By Jasmine of Beat of Travel
Sprawled on a comfy quilt laid out on a sunny patch of grass in Cheesman Park with friends and loved ones, drinking Red Stripe and headache inducing mimosas, was pretty, pretty, idyll. We sat gawking at the ongoing rush of cyclist in goofy costume, the prelude to the Tour de Fat festival. The spectacle was a lighthearted, and brilliant marketing tool I might add for New Belgium, but I began to notice an on going trend in the dash of silly cyclists.
Yes, most of the getups were inventive, funny, or even a little tragic (enter wobbly girl on rollerblades, encased in a Hooter’s uniform). All was well, until I spotted a reoccurring theme, riders simply adorned with ragged Afro wigs shoved on their heads without any semblance of a ‘head to toe’ costume. Most of the ‘Bros’ with curly Afro wigs, looked as though they had stumbled out of a Jack Johnson concert and into a Party City. I was embarrassed for them, and thought aloud ‘Wow, I did not know that just wearing an Afro wig constituted as a costume?’ To which the majority of the group I was with laughed uncomfortably.
The day and the drinking carried over to the festival, and the tacky, synthetic wig epidemic ensued. I felt crazed. I toyed with the idea of asking at least one of the several pseudo Afro wearing, costume slackers “Why is an Afro wig a costume?” My supportive husband nudged me enough to ask, and added stoking my conviction ‘Besides they need to contemplate their actions.’ He was right, so I thought 3 beers in. I went up to the first victim and attacked mercilessly, took a photo with her and asked my burning question.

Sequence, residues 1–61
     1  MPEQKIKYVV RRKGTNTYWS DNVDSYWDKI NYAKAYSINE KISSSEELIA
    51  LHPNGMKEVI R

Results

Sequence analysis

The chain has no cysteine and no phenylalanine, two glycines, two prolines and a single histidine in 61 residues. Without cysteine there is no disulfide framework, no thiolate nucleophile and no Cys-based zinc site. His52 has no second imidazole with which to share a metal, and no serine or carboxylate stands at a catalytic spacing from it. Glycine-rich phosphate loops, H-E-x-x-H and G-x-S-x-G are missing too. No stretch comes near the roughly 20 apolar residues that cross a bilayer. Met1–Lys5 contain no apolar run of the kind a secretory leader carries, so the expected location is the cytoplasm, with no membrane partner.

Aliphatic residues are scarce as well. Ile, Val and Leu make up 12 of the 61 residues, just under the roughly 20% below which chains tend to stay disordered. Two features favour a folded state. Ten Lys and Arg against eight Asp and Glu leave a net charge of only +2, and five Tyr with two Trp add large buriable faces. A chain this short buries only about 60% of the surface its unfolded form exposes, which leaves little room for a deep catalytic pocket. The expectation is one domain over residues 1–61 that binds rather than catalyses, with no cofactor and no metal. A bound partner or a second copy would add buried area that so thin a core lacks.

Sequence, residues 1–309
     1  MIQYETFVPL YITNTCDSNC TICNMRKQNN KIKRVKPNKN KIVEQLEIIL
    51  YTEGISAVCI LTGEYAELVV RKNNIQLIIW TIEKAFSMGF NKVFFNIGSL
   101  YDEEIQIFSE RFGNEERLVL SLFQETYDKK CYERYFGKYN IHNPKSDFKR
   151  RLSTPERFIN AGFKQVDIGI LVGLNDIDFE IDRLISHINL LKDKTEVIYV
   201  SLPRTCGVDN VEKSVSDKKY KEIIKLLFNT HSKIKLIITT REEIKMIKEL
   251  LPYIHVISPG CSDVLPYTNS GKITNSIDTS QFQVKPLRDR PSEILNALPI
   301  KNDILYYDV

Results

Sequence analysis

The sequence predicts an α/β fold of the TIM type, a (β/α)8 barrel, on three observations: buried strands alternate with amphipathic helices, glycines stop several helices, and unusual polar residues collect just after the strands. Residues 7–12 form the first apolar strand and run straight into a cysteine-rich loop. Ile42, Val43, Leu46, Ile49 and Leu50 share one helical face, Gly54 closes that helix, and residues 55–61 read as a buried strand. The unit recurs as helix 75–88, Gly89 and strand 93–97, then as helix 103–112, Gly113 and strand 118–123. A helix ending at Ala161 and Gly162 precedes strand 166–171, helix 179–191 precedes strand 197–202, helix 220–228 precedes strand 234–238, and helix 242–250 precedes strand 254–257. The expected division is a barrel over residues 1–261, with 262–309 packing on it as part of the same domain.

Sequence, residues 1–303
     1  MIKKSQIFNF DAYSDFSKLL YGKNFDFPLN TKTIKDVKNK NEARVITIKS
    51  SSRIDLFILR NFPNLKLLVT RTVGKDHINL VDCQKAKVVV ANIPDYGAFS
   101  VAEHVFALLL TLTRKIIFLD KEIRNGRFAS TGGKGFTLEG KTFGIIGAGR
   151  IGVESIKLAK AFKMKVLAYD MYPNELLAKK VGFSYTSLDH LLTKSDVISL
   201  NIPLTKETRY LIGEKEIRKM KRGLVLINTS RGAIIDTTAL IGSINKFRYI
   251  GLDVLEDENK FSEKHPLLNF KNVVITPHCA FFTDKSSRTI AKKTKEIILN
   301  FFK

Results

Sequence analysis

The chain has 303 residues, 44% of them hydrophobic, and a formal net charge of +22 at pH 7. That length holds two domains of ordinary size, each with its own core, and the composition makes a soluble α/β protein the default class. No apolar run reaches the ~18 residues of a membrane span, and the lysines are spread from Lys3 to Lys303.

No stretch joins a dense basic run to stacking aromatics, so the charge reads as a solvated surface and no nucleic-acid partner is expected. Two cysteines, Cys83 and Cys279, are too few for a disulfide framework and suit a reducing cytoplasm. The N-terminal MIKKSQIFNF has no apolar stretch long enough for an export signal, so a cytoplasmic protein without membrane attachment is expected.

Her photo grin disappeared, and what replaced it was an ‘oh shit’ question mark. Even as I waited for a retort, strands of blonde hair tucked sloppily under the band of her wig slipped free. I had stumped her. I don’t think she woke up that morning thinking that she would indeed have a pop quiz, at a beer drenched festival. For moments she stared at me, and then glumly replied ‘I have always wanted an Afro.’ Sure. I repeated this same tactic on another unsuspecting clueless Afro wearing casualty, and I think I blew a gasket in her hipster brain.
If the wigs worn by the people at the festival would have been accompanied by seventies inspired threads, my natural Afro-esque self would have never said a word or noticed. But that was not the case. I don’t believe that my hair texture is a spectacle or funny, it is my hair. I suppose I could plop a blonde wig on my head this Halloween, and hope to have an effective costume, while wearing my everyday attire. I am sure that it would not garner the same response, or any at all for that matter. Why is an Afro wig an acceptable costume? That style and hair type is a part of a specific group of people, which is more than just a cultural aspect, it is a physical attribute.
Interesting piece! What are your thoughts ladies? How do you feel about afros being used as a costume?
For more of Jasmine’s writings check out Beat of Travel.